7. There is also upside potential to the medium-term outlook. A better-than-expected recovery in Canadian exports would strengthen business investment and facilitate a faster reallocation of resources from the energy to the non-energy sectors.

8. Furthermore, Canada’s strong fundamentals will help mitigate the impact if downside risks materialize. Canada has strong institutions and a track record of consistent policies. It enjoys a positive net international investment position because it owns substantial assets overseas. This provides a natural hedge to currency risk on aggregate debt. Its flexible exchange rate is also an important shock absorber.

9. There are potential outward spillovers from Canada to the Caribbean.

  • Canadian banks have had a long historical connection to the region, but low returns have led to banks scaling back operations, including closing branches. A materialization of downside risks could exacerbate Canadian banks’ ongoing rationalization of their operations in the region. Tourism revenues may also suffer as Canada is a major source of tourist traffic to the region, second only to the U.S.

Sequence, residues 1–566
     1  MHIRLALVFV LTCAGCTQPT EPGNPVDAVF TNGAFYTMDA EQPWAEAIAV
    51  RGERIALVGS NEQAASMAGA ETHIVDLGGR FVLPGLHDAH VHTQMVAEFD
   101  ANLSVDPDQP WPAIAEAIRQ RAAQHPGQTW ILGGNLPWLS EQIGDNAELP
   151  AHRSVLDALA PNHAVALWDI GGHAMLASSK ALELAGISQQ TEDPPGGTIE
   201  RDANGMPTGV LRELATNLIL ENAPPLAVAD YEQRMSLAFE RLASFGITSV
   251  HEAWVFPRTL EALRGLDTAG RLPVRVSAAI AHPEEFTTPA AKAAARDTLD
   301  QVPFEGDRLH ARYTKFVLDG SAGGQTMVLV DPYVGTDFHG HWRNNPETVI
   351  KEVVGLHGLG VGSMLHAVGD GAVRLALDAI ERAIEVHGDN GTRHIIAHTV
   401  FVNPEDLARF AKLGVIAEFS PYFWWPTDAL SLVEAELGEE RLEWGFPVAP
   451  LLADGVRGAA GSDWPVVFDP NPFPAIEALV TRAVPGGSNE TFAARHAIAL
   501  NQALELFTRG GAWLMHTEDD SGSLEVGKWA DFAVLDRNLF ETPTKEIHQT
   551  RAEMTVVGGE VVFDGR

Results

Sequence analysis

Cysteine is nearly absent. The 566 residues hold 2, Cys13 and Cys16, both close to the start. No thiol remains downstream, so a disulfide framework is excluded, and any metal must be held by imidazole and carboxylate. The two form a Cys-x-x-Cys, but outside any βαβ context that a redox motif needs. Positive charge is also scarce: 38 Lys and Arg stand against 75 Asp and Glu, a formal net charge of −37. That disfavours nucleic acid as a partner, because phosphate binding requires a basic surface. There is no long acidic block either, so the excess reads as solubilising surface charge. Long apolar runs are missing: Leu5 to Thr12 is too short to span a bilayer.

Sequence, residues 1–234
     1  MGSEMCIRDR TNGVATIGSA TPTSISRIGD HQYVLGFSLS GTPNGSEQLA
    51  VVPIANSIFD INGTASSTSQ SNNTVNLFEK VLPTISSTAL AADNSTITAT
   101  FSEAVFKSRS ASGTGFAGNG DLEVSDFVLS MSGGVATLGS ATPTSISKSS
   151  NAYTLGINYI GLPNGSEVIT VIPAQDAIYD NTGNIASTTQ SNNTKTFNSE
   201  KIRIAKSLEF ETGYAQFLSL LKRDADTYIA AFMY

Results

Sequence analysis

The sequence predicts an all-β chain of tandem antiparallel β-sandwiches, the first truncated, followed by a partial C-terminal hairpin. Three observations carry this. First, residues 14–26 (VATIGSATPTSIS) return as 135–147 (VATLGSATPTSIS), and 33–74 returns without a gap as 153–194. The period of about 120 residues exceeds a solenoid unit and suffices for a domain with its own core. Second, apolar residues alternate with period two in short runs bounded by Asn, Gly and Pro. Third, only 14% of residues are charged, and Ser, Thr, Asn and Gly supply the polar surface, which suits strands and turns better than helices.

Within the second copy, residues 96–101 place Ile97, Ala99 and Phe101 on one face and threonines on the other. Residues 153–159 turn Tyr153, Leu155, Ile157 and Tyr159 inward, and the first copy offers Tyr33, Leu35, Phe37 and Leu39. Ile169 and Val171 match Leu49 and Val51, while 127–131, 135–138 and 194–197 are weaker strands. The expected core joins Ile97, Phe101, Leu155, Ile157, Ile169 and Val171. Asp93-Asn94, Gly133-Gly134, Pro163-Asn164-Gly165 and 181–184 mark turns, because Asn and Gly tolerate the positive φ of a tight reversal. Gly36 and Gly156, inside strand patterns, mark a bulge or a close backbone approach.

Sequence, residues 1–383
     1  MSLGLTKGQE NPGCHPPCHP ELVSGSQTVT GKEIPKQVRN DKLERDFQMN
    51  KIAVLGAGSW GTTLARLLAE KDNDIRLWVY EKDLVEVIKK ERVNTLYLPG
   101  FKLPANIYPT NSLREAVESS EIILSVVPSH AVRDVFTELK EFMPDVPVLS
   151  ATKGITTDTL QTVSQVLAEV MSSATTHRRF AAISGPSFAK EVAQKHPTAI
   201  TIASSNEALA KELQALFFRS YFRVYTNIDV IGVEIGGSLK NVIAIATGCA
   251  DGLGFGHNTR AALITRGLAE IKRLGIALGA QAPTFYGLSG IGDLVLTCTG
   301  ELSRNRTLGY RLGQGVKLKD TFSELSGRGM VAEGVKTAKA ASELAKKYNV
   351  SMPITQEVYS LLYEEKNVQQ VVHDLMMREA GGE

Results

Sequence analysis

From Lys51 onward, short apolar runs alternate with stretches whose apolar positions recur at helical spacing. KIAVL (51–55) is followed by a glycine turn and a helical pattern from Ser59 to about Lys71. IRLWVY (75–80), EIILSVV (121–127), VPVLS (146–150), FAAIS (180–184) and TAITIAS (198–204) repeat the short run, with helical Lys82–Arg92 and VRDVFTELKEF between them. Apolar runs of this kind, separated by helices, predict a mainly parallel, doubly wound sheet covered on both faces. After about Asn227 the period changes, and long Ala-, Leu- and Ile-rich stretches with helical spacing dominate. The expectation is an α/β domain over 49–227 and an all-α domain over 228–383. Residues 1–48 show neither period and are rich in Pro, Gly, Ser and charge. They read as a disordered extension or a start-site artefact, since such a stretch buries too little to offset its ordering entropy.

• There has been no material reduction in Canadian banks’ correspondent banking relationships (CBRs) in the Caribbean. A recent World Bank survey of correspondent banking found that relative to U.S. and UK banks, Canadian banks have not materially terminated or restricted CBRs. At the same time, however, Canadian banks are choosing not to step into the gap left behind by retreating global banks, partly because higher regulatory compliance costs have made the risk-reward equation challenging.
  • In this context, Canadian banks are looking for greater clarity in national and international standards (including those determined by the Financial Action Task Force) to counter money laundering and offshore tax evasion and avoidance. OSFI does not at present retain data on CBRs in the Caribbean or other regions, but is encouraged to more actively monitor developments in this area.


Monetary policy

10. The current monetary policy stance is appropriate. The Bank of Canada should stand ready to cut the policy rate if downside risks materialize and the economy falters. However, with the policy rate at 0.5 percent, the room for additional cuts is limited.